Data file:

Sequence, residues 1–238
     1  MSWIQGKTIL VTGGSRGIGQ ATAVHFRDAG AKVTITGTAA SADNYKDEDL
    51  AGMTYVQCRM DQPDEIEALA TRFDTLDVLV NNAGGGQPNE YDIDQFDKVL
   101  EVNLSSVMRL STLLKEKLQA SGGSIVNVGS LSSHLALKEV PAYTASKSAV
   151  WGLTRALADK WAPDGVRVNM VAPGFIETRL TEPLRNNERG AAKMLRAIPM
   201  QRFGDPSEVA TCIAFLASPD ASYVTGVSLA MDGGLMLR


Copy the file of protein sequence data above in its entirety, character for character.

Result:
Sequence, residues 1–238
     1  MSWIQGKTIL VTGGSRGIGQ ATAVHFRDAG AKVTITGTAA SADNYKDEDL
    51  AGMTYVQCRM DQPDEIEALA TRFDTLDVLV NNAGGGQPNE YDIDQFDKVL
   101  EVNLSSVMRL STLLKEKLQA SGGSIVNVGS LSSHLALKEV PAYTASKSAV
   151  WGLTRALADK WAPDGVRVNM VAPGFIETRL TEPLRNNERG AAKMLRAIPM
   201  QRFGDPSEVA TCIAFLASPD ASYVTGVSLA MDGGLMLR